# Flow Regime

There are many operations in which two phases must be separated. These separations may be gas-liquid, gas-solid, liquid-liquid or liquid-solid, with several factors such as relative densities, gravity, fluid velocities and the shape of particles and/or droplets influence the phase separability. In this article we present the fundamentals of these separations and provide the Stoke’s, Intermediate and Newton’s formulae for calculating the terminal velocities of settling particles to analyse separation systems.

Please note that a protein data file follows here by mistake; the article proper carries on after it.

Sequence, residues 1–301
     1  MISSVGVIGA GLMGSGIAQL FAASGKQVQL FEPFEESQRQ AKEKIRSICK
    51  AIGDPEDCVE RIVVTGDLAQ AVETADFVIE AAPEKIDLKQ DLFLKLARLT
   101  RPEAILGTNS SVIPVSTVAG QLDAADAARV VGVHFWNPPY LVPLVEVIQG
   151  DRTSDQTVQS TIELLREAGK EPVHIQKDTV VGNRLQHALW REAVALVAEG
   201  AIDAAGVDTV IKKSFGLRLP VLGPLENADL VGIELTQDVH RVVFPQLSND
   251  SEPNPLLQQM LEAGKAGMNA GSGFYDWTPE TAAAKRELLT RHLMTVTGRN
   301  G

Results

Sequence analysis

To determine the pressure loss or flow rate through pipe knowledge of the friction between the fluid and the pipe is required. This article describes how to incorporate friction into pressure loss or fluid flow calculations. It also outlines several methods for determining the Darcy friction factor for rough and smooth pipes in both the turbulent and laminar flow regime. Finally this article discusses which correlation for pressure loss in pipe is the most appropriate.

The Reynolds number is dimensionless and describes the ratio of inertial forces to viscous forces in a flowing fluid. It is used in many fluid flow correlations and is used to describe the boundaries of fluid flow regimes (laminar, transitional and turbulent). This article will show you how to calculate and interpret the Reynolds number.